It’s a Wednesday evening, and as my daughters and I drive home from the evening’s church activities (youth games and worship for my teen, aerobics for me, and aerobics and handbells for my younger), we talk about our time apart and share what the experience was like. I might say something like, “Tina about killed us tonight! I’ll be good until tomorrow when I try to laugh.” Or, “Dang! Celeste still has her soccer moves!” My youngest will talk about how they’re supposed to play and sing for the Hanging of the Greens service, and she hopes she remembers her part. My teen is more reflective as she talks about her peers, some of whom have moms in aerobics with me.
“I really feel sorry for Bethany*,” she might say. “Her mom is so hard on her!”
“How do you mean?” I ask, knowing her mom.
“She doesn’t let her do anything. When we went on that trip, while the rest of us ate the awesome cooking, her mom made her eat salads. And when we stopped for breakfast, there was this grill, and the breakfast sandwiches smelled to-die-for. I could tell Bethany wanted one, but her mom wouldn’t let her have it.” I know Bethany, and she’s a trim, athletic, healthy teenager, certainly not one who needs to worry about her weight.
“She was talking about how her mom is making her do cheerleading. Bethany used to run track, and she really misses it. She didn’t want to be a cheerleader, but her mom insisted on it.”
It sounds an awful lot like Bethany’s mom wants her daughter to be like her for whatever reason.
My teen goes on to the next person, a lovely young lady who tears it up on the basketball court but who feels forced to one day don crinoline and parasol for an annual event – all because her mom wants her to follow in her footsteps and do it. This girl is tanks, ponytails, and Jordans; not lace gloves, sausage curls, and hoop skirts.
At this point, I tell my teen to let me know if she ever feels like I’m pushing her to do something she doesn’t want to do. She assures me she will and expresses gratitude that I am happy to let her be her own person and do her own thing.
So this message is for all you moms of teen girls out there: Your daughter doesn’t want to be you. Your daughter is a separate, unique person, and if you’ve done your job as her mother well, she owns that. Daughters of healthy mothers are free to embrace their wishes, wants, dreams, and desires and feel accepted in following them.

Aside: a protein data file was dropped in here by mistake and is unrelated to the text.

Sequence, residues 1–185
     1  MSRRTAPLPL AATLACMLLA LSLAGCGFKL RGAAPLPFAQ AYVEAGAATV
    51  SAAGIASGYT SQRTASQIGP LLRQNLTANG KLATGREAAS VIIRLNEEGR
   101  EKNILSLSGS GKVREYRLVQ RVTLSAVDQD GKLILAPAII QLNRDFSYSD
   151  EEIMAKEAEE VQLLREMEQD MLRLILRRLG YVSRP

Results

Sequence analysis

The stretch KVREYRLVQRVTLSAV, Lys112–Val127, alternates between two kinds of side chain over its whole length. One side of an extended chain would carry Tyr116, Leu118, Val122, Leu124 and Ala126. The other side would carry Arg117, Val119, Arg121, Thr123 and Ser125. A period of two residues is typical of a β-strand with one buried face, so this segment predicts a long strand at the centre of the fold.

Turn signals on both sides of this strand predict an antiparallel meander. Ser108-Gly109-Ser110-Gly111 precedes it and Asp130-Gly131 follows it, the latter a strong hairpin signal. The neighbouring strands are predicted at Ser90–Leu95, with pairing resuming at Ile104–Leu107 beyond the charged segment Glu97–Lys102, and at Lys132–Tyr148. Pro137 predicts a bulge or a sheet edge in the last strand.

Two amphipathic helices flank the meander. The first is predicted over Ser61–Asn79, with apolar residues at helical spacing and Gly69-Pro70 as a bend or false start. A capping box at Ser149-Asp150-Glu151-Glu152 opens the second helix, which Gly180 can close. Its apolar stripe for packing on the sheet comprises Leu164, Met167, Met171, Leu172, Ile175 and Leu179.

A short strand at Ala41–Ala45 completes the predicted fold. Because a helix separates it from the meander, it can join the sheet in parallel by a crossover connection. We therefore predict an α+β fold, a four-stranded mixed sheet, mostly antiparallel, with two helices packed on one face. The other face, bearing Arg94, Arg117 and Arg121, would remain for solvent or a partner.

Healthy mom-daughter relationships don’t have a mother creating a her-clone in her daughter. They have stages of accountability (Mom is still Mom, after all) and through the teen years, friendship begins to overlap the parenting responsibilities. But parent, a mother always will be, even after her daughter has grown into this really wonderful, likable adult.
Healthy mom-daughter relationships create space for both to grow. They create room for the daughter in particular to become the person she wishes to be. Sure, it’s cool seeing your daughter doing things you did as a teen. Mine dances, so we talk about how our experiences are different and similar. And, certainly, I get certain emotions when she mentions toying with minoring in Psychology (my major). (Usually, those emotions are along the line of, “Don’t,” but I don’t voice that.) When I was receiving my second Master’s hood, my teen was an infant, and the dean who was placing it across my shoulders predicted I’d be sharing it one day. The idea thrilled me at the time, but given my daughter’s talents and gifts, I want her to pursue her interests. My feelings don’t come into play here; my role is simply to support and encourage.
So, fellow moms of teen girls, lay off your daughters. They are wonderful beings created by a loving, wise Creator who gave them gifts, skills, and talents. They have their own knowledge bases, their own ways of looking at the world, and their own ideas of what they wish their lives to be like next year, three years from now, and five years from now. What God did not create them to be are clones of their mothers. God did not create our teenage girls to be the fulfillment of the best and most-wished of our own teen years. As well and as intimately as you know your daughter, God still knows her better. Stop trying to play God with your daughter’s life. Wait. That’s not what you’re doing, because even God allows them to exercise free will.
*Not her real name.